Working on the product

During this phase it is highly likely that there would be a marketing and advertising campaign going on so that people know about the company or product prior to its launch. And in a lot of cases there might be a small group of early adopters, alpha and beta testers who might be using the product before its launch to the wider public.

This allows the company to see how the product could potentially work when it is ready for launch. Mitigating any server, bugs or breaking errors that can be flagged and fixed beforehand.

Building the product

There are infinite ways this can be done and there is no right or wrong answer because every team is different. Any technical stack can be used so this can be adapted to work for anyone. Here is one example of how a team might go about building a product.

Step 1: User flow/journey

Technical Stack: Miro/FigJam/Mural
Description: The interaction process a user takes when using the product.

Step 2: Low fidelity wireframe

Technical Stack: Figma/Adobe XD
Description: Low fidelity wireframes are the initial blueprints used before creating the website and app screens. They usually have placeholder "lorem ipsum" text.

Step 3: High fidelity wireframe and design system

Technical Stack: Figma/Adobe XD
Description: High fidelity wireframes are used to show the look and feel for the product in a more final stage in the design process. They tend to have real content instead of placeholder. In this stage the designer would also create the design system which could include the brand colors, typefaces, and design specifications.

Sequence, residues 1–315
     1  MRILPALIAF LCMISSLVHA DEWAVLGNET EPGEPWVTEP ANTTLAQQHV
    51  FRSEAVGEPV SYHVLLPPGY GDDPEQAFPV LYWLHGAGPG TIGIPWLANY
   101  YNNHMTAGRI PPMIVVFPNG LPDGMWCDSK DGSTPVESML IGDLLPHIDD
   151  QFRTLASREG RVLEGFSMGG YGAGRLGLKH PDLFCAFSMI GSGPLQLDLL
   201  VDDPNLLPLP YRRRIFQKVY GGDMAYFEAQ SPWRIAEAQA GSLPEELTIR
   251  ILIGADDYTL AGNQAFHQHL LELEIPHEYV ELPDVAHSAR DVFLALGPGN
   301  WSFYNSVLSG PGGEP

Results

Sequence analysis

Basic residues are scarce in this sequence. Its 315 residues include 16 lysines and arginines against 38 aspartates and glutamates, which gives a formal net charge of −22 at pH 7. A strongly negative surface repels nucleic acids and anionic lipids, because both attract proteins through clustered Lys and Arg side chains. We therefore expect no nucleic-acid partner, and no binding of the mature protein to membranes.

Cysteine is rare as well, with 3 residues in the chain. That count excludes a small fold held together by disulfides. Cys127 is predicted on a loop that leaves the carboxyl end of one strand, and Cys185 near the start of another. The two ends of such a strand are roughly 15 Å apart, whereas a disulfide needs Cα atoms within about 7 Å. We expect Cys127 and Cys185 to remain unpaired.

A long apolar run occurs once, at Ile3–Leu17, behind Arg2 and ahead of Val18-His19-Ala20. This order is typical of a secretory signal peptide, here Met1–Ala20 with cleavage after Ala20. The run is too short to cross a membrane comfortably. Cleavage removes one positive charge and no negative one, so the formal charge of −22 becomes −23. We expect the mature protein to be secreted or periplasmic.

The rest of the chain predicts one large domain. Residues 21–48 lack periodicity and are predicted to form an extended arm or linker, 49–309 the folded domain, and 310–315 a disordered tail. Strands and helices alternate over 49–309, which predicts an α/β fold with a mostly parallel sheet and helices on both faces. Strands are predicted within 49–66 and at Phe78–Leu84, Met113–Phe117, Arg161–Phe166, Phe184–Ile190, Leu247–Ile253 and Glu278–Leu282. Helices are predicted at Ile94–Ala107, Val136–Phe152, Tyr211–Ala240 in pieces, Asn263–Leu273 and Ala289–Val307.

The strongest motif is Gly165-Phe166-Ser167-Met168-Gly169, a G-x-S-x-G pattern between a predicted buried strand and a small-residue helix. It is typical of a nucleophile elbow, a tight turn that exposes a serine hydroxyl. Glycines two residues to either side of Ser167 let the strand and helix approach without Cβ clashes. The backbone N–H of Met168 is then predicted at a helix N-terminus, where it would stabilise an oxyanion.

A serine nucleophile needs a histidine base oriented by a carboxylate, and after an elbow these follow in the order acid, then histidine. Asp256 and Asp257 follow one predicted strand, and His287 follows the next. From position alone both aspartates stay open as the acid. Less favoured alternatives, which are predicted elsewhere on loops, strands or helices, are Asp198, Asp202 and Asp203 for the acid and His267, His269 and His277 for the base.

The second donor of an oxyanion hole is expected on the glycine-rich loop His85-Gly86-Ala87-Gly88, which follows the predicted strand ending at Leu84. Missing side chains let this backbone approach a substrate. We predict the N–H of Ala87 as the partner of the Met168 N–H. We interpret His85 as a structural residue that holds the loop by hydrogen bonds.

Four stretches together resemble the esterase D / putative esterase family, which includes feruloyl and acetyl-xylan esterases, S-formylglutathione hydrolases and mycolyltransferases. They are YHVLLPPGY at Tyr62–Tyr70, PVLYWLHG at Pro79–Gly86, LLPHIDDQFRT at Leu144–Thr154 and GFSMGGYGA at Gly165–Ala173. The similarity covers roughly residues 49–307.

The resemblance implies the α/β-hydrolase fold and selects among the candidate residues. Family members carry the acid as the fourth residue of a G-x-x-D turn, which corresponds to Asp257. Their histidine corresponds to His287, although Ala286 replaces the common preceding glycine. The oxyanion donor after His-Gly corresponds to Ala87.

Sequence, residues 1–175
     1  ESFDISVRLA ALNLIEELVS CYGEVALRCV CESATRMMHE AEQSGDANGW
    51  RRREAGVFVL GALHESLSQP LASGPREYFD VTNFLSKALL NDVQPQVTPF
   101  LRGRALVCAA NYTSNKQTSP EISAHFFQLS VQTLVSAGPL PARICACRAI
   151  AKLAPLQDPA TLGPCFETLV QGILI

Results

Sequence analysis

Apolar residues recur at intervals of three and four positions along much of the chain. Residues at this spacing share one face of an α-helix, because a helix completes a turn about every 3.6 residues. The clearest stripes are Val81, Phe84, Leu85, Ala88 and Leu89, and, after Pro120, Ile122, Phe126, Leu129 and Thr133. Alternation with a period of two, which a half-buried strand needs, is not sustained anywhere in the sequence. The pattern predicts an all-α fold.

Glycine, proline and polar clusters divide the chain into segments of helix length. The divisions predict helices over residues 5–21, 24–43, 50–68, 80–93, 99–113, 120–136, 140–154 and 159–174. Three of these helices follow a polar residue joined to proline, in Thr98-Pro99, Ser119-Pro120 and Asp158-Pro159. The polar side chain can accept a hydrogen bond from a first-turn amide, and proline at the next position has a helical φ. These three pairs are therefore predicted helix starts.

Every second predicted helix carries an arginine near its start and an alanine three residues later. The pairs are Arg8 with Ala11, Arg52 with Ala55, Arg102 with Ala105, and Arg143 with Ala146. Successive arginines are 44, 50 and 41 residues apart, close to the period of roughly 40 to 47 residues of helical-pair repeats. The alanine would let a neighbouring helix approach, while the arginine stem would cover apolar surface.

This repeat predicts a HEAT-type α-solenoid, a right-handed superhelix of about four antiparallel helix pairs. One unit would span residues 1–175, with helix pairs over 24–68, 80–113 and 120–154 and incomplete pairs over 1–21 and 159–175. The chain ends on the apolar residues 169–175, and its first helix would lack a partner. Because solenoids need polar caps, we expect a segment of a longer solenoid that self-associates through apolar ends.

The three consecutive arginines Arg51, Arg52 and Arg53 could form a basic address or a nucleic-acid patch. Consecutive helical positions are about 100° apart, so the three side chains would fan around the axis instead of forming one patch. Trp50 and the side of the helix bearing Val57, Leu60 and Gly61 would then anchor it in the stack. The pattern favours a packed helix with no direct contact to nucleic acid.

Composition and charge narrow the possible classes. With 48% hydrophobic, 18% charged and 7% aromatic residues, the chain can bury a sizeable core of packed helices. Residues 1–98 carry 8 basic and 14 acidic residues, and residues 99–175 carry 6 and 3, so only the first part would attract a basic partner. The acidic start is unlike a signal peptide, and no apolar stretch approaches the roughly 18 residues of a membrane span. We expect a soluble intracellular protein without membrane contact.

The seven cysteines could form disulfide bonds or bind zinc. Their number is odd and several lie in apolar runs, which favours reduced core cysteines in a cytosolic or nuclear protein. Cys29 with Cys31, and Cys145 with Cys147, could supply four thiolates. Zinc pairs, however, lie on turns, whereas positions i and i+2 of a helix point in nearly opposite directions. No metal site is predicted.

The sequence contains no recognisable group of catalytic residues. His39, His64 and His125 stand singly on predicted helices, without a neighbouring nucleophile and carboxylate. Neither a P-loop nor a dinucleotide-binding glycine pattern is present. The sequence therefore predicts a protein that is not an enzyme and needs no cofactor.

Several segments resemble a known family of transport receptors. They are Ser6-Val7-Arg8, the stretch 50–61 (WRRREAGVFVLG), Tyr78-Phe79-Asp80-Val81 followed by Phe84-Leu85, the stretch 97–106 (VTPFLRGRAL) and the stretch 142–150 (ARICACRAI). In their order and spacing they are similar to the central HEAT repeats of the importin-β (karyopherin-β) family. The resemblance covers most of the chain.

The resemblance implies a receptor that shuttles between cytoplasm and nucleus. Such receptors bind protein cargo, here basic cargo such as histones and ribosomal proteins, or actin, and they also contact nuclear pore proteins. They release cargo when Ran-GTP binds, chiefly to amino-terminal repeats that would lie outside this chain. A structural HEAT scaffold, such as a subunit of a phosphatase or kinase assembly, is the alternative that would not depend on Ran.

Step 4: Prototype

Technical Stack: Figma/Adobe XD
Description: The prototype is a working example of the final application that has been created by the design team. It has working interactions and can be used to show how screens navigate, transitions, click events and much more.

Step 5: Development back-end

Technical Stack: Python, Django, PostgreSQL, AWS
Description: This is where a back-end developer would work on the API, databases, servers and anything related to the architecture.

Step 6: Development front-end

Technical Stack: HTML, CSS, JavaScript, React, Storybook
Description: Working on the back-end or front-end first comes down to personal preferences. Personally I prefer to have a back-end up and running first so that there is live data. In this stage a front-end developer would work on the UI/UX and get the application to connect to the back-end or any test data. Storybook is like a bridge between the designer and the developer. The design systems and components can be a mirror match between them both.

Step 7: Deployment

Technical Stack: AWS
Description: When all stages have been cleared it is time for the MVP to have its official launch. The back-end and front-end should already be online or in a test stage area. So the final step would be to launch the final build and complete the first iteration for the project.

Top comments (5)

lorenzinicolas profile image
Nicolas Lorenzi

Thanks for this article, Andrew. We also try to release our creative projects for Luos this way. Our new web page (for example) that you saw recently is an MVP that we decided between designers and developers to have an optimal version gradually. It's stimulating to work as a team for a defined period to get an MVP (a quick win) and continually develop code with new versions to fix or improve the experienceβ€”a true development philosophy. I will recommend your article to our team :)

andrewbaisden profile image
Andrew Baisden

Thats great and thanks so much!

ghana7989 profile image

what is your view on No code or Low code platforms for an MVP?

andrewbaisden profile image
Andrew Baisden

I have no problem with them because not everyone wants to be a programmer. So if there are solutions out there that can help people to build products that don't require a high technical skillset then they should go ahead and use them.